Friday, July 29, 2011

Traders Still Positive on Debt Limit Deal; Markets Spooked

It could have been so much worse.

US stocks took another tumble Friday, on revisions to 1st and 2nd quarter GDP and fears that the debt ceiling debate in Washington was running out of time.

An hour prior to the opening bell, the government reported its second revision to second quarter GDP, which came in at a measly 1.3%, but the greater shock was the revision to first quarter GDP, which was revised lower, from 1.9% growth to a frighteningly-low 0.4%. That sent shock waves through the futures market and US indices fell sharply at the open, hitting the lows of the day within the first 15 minutes of trading.

Just before 10:00 am EDT, Chicago PMI was reported to have fallen to 58.8 in July, lower than forecast, from 61.1 the prior month. That wasn't bad enough news, however, to shake off the nascent rally on rumors and hope that congress would decide on a debt ceiling increase by the end of the day or over the weekend.

As the session wore on, stocks moved sharply on any unfounded rumors, but eventually gave way late in the day, as lawmakers in the House of Representatives agreed, 236-186, to begin debate on House majority leader John Boehner's debt ceiling proposal, which had been in limbo since Tuesday because the measure did not have the backing of the Tea Party wing of the Republican party and - even if it did pass the House - was seen as almost certain to fail in the Senate. An actual vote on the measure is expected to come around 6:00 pm EDT Friday.

At the end of the day and end of the week, with no resolution on the debt issue and economic data overshadowing even the best corporate second quarter reports, the Dow finished lower for the sixth straight day, the S&P down for the last five, and the NASDAQ in negative territory for the fourth day out of the last five. On Thursday, the NASDAQ registered a gain of just over one-and-a-half points.

For the week, the Dow lost 538 points, a 4% decline. The S&P slipped 53 points, the NASDAQ shed 102 points and the NYSE composite fell by 328 points.

As bad as it was, stocks actually recovered half of their earlier losses on Friday. Still, it was the worst weekly performance for US indices in a year.

Dow 12,143.24, -96.87 (0.79%)
NASDAQ 2,756.38, -9.87 (0.36%)
S&P 500 1,292.28, -8.39 (0.65%)
NYSE Composite 8,079.44, -44.59 (0.55%)

Declining issues again dominated advancers, 4113-2476, and the gap between the expanding number of new lows and shrinking new highs worsened. On the NASDAQ, there were just 26 new highs, as compared to 114 new lows. The NYSE showed even worse, with just 16 new highs and 177 new lows. The combined totals of 42 new highs against 291 new lows is sending the strongest sell signal imaginable. Even if the congress does find a way to pass a debt ceiling increase by Tuesday, August 2, the damage for wasting time has been done the Moody's and S&P will likely downgrade US debt in short order, as they both have warned would occur if serious measures were not taken at this impasse.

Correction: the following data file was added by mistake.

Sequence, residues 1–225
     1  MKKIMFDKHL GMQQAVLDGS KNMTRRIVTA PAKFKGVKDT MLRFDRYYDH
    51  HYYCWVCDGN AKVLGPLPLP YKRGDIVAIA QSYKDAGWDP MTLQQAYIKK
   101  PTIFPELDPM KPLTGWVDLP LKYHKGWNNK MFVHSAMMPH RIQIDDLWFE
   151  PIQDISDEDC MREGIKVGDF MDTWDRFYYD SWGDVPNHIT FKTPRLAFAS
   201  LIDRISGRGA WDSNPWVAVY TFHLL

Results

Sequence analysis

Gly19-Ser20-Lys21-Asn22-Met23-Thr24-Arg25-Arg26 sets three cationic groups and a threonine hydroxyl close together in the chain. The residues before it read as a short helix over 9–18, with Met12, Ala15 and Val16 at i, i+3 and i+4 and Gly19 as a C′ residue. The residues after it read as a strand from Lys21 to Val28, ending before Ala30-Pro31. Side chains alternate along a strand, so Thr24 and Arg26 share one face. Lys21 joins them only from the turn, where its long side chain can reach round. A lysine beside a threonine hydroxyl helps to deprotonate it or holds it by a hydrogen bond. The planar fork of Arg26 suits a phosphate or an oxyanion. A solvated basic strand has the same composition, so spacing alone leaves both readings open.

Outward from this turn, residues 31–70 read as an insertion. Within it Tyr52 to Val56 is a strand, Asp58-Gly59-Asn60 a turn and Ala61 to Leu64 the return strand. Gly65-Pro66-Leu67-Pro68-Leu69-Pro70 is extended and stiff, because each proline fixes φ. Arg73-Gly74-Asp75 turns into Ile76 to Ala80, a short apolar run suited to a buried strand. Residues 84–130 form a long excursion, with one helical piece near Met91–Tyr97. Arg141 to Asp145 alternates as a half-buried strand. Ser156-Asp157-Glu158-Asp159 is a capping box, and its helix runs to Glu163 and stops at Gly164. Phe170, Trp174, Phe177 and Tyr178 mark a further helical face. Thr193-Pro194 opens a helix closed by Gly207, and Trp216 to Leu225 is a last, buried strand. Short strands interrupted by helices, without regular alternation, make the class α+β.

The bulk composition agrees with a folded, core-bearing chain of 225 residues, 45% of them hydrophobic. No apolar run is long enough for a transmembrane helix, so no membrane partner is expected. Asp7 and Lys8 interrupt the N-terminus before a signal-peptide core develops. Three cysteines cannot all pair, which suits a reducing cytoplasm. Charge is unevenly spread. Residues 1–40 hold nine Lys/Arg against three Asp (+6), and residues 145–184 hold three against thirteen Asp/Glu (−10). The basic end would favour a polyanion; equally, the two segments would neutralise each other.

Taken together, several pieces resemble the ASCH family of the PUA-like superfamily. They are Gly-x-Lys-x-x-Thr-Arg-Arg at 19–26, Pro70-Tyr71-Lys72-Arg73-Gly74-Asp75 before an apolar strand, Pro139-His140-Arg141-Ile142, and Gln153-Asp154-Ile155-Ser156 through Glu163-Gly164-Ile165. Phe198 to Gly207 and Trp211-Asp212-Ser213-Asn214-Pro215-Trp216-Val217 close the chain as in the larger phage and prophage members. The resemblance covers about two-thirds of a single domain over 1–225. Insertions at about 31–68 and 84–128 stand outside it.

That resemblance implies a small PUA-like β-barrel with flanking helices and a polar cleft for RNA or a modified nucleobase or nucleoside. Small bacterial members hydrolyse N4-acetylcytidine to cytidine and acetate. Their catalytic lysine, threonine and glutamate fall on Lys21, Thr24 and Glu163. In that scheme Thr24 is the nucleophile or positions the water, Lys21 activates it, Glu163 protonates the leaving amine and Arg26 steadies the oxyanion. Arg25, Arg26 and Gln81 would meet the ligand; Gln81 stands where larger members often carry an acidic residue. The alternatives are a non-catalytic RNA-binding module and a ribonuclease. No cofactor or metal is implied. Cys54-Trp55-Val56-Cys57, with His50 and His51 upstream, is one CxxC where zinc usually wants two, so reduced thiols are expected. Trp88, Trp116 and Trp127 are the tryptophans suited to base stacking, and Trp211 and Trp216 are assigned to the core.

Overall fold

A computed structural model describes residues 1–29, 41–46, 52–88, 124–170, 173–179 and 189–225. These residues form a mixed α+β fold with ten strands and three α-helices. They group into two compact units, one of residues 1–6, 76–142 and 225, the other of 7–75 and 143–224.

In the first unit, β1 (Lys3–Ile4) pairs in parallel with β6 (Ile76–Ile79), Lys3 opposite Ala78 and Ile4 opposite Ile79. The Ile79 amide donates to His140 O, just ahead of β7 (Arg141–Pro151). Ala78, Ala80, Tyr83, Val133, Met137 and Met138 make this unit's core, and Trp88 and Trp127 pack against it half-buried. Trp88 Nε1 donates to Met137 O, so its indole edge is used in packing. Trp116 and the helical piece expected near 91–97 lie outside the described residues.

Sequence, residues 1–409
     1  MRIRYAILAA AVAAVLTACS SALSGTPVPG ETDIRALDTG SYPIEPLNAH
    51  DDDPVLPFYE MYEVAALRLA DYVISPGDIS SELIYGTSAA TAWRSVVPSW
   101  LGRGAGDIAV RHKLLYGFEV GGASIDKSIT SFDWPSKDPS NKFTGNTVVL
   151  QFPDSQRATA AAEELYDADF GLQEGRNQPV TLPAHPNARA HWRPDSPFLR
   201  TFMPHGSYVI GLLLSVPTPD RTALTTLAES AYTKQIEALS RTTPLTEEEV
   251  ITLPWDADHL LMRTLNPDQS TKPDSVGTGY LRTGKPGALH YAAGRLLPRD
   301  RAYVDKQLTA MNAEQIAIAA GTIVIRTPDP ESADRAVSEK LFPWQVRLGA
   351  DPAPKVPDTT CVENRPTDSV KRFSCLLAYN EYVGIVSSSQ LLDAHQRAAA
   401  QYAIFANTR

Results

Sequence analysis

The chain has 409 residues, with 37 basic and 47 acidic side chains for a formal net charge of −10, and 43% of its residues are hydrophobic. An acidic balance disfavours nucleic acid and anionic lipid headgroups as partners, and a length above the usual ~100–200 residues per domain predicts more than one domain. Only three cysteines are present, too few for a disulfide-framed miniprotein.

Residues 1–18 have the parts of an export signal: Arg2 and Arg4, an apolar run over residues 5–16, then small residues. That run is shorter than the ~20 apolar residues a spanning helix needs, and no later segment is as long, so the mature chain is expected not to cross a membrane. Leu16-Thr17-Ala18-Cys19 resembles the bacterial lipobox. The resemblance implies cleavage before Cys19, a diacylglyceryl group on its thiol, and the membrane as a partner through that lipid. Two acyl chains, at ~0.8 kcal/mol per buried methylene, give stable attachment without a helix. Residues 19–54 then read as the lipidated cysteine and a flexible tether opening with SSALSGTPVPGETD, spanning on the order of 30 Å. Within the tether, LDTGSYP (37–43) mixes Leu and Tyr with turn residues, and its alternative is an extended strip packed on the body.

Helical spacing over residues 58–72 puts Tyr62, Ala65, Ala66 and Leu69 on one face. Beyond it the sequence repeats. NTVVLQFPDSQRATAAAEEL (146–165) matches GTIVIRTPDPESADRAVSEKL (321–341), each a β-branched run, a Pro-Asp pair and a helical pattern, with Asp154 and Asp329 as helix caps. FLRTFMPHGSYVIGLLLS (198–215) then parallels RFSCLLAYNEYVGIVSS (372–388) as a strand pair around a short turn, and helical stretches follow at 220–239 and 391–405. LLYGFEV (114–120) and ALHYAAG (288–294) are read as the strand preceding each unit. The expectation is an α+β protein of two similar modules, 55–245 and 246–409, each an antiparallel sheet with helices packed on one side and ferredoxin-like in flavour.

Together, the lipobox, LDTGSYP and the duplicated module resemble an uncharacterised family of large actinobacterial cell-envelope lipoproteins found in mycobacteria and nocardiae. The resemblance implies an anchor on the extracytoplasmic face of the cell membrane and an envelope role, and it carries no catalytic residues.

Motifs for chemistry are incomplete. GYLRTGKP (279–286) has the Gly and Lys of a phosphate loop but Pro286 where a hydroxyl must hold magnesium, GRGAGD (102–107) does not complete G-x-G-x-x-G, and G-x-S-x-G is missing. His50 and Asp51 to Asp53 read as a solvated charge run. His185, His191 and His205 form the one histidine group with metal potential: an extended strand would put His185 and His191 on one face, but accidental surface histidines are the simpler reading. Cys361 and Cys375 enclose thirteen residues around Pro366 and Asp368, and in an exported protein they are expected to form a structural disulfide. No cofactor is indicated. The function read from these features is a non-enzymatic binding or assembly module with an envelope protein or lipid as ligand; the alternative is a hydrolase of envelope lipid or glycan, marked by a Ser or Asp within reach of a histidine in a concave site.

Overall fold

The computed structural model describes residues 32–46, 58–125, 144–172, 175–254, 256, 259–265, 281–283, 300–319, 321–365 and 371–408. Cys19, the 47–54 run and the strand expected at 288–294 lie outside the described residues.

Add to that the non-recovery "recovery" which has been represented by high unemployment and falling home prices and the recipe for further declines in equities is writ large.

Volume on the day was strong, another sign of a weakening stock market poised on the brink of turning losses into a major correction and a resumption of the bear market.

NASDAQ Volume 2,274,169,000
NYSE Volume 5,045,403,000

Among other interesting notes were the 10-year, which rose in price, but slumped in yield, down to 2.80%. The 30-year bond also hit a fresh low yield of 4.13%.

Oil took some losses, down $1.74, to $95.70. Gold made another intra-day high of $1637.50, before settling back to close at $1,628.30, up $14.90 for the day. Silver was up 31 cents, to $40.11 per ounce.

With the markets suffering their worst weekly losses in a year - coincidentally at the same time top economists are partying at their annual convention in Jackson Hole, Wyoming, the same place that Fed Chairman announced the launch of QE2 last summer - the onus is on the congress to come with a plan that appeases not only both parties but the ratings agencies as well.

While it is doubtful they would let the August 2 date pass without a debt ceiling increase, the chances of them passing a bill before then that actually cuts spending appropriately are still quite long.

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